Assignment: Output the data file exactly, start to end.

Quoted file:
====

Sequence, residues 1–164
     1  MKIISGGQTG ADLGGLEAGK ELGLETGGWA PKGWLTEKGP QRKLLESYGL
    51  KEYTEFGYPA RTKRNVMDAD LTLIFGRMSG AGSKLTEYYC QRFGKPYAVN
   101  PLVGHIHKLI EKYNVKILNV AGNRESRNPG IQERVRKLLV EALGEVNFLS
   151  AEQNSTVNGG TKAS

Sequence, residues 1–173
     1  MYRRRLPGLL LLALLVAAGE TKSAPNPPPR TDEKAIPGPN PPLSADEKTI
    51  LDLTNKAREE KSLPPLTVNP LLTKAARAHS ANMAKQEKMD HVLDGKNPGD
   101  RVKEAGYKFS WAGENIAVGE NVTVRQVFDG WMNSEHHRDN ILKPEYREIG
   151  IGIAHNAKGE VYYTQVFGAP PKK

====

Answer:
Sequence, residues 1–164
     1  MKIISGGQTG ADLGGLEAGK ELGLETGGWA PKGWLTEKGP QRKLLESYGL
    51  KEYTEFGYPA RTKRNVMDAD LTLIFGRMSG AGSKLTEYYC QRFGKPYAVN
   101  PLVGHIHKLI EKYNVKILNV AGNRESRNPG IQERVRKLLV EALGEVNFLS
   151  AEQNSTVNGG TKAS

Sequence, residues 1–173
     1  MYRRRLPGLL LLALLVAAGE TKSAPNPPPR TDEKAIPGPN PPLSADEKTI
    51  LDLTNKAREE KSLPPLTVNP LLTKAARAHS ANMAKQEKMD HVLDGKNPGD
   101  RVKEAGYKFS WAGENIAVGE NVTVRQVFDG WMNSEHHRDN ILKPEYREIG
   151  IGIAHNAKGE VYYTQVFGAP PKK